There would be no inane happy-talk about the “family of New York” from Norman Mailer. He realized that “the good farmers and small-town workers of New York State rather detest us.” Rather indeed. “The connection of New York City to New York State is a marriage of misery, incompatibility, and abominable old quarrels.” His concern was properly with his own brawling grounds, but he did see a favorable fallout for we hicks as well, for going it alone could spark “the development of what has been hitherto a culturally undernourished hinterland, a typically colorless national tract.”
Yes, Niagara Falls, Cooperstown, Lake Placid, Susan B. Anthony, Grover Cleveland, Washington Irving, John Brown’s North Elba—we are cultural and scenic starvelings for sure.
“Power to the Neighborhoods!” was Mailer’s secondary slogan. (Newspaper reporter Jimmy Breslin, Mailer’s running mate as candidate for president of City Council, suggested that it be changed to “wisdom of the neighborhoods” lest the wordpower scare off the middle class.) Stormin’ Norman wanted to abolish the city government and permit blocks, tracts, sections to manage their own affairs. Soho, Harlem, Bensonhurst: each neighborhood would be responsible for its own welfare, trash pickup, fire protection, parks, education, policing, etc.
Out of the hard work of self-governance would come cultural renewal. “I am running on everything from Black Power to Irish Self-Righteousness,” he told an Irish Club in Park Slope. (His published speeches, with such interlarded remarks as “Shut up and f—- you! Let me talk” will never be confused with those of Hillary Clinton or the Bush dynasty.) The possibilities for true diversity were dizzying: Mailer suggested that Harlem might declare a holiday for Malcolm X, while Staten Island honored John Birch. One neighborhood might require church attendance, while another mandated serial sex. As he told an audience at Union Theological Seminary in a precocious rebuke to political correctness, “People are healthier if they live out their prejudices rather than suppressing them in uniformity.”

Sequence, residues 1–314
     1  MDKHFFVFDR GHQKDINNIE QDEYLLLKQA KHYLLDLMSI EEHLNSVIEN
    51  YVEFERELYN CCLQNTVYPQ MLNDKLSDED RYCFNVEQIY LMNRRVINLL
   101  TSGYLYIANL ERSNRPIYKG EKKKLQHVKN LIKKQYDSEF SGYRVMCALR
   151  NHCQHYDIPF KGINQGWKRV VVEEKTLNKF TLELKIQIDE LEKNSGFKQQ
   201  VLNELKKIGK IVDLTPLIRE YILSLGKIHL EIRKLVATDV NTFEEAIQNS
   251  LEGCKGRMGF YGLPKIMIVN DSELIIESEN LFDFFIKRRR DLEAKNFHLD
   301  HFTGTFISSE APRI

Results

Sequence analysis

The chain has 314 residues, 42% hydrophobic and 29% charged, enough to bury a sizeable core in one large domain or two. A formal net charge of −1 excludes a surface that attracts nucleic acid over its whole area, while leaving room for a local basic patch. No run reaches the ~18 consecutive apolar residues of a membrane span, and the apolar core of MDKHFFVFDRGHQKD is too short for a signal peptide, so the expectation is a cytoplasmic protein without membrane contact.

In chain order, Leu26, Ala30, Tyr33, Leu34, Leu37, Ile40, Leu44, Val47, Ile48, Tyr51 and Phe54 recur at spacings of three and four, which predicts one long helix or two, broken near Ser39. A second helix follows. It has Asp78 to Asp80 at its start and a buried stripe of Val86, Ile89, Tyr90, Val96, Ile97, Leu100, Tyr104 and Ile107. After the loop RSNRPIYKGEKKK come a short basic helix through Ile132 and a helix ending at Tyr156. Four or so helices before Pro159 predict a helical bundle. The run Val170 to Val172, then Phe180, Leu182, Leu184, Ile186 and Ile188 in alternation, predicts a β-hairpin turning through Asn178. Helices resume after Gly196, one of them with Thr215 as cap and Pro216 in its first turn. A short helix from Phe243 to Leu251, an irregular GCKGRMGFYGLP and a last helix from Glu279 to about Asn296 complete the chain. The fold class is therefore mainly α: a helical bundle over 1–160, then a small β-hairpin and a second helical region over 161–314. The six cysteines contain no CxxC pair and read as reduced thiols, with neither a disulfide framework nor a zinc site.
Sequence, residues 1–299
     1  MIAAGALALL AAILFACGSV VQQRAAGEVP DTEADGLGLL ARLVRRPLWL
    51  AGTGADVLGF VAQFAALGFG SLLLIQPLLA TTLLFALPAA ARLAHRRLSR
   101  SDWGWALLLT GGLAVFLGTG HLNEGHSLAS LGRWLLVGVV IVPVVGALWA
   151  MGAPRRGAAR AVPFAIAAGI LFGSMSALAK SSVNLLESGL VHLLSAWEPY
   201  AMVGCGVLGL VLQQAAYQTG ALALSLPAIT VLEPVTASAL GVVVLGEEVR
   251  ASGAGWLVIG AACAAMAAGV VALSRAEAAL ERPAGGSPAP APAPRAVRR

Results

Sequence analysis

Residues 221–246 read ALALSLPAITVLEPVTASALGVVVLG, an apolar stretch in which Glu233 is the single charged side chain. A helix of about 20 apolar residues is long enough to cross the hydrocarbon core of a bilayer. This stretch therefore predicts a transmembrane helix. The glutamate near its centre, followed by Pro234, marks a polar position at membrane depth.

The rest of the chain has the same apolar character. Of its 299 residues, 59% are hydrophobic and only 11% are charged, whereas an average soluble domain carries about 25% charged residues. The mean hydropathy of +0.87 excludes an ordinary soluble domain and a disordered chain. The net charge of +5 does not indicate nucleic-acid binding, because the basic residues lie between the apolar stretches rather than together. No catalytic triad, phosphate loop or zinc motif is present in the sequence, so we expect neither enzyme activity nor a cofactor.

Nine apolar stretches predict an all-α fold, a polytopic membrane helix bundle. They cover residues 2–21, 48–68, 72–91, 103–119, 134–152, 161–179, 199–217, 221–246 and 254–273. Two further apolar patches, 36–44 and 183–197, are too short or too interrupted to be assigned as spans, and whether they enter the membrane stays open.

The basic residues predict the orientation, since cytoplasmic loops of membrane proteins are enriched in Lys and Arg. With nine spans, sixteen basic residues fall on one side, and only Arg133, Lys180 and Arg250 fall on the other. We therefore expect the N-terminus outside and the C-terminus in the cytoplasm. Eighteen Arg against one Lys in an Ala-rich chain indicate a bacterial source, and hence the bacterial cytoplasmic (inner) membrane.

“I’m running against urban renewal!” he exclaimed, which is to say he was on the side of beauty, poetry, sentiment, history, and, in a city which destroys everything it does not commodify, losers. His secondary planks—for instance, the Flaherty-inspired call for a world series of stickball to be played in the Wall Street area—shone with a luster that the John Lindsays and Times editorialists could not even appreciate, let alone mimic. Even his running mate didn’t get it: after a chaotic Village Gate rally, Jimmy Breslin said, “I found out I was running with Ezra Pound.” Since decentralism is the diametrical opposite of fascism—a centralized state and economy—Breslin’s Mailer-Pound comparison is on the order of linking Paris Hilton and Stephen Hawking. Hey, their surnames both begin with h, don’t they?
The election hadn’t a happy ending, but then what election does? Mailer won 5 percent of the Democratic primary vote, or about six times less than the winner, machine politico Mario A. Procaccino, who would go on to lose to Liberal incumbent John Lindsay. But je me souviens, Norman, je me souviens. Free Brooklyn!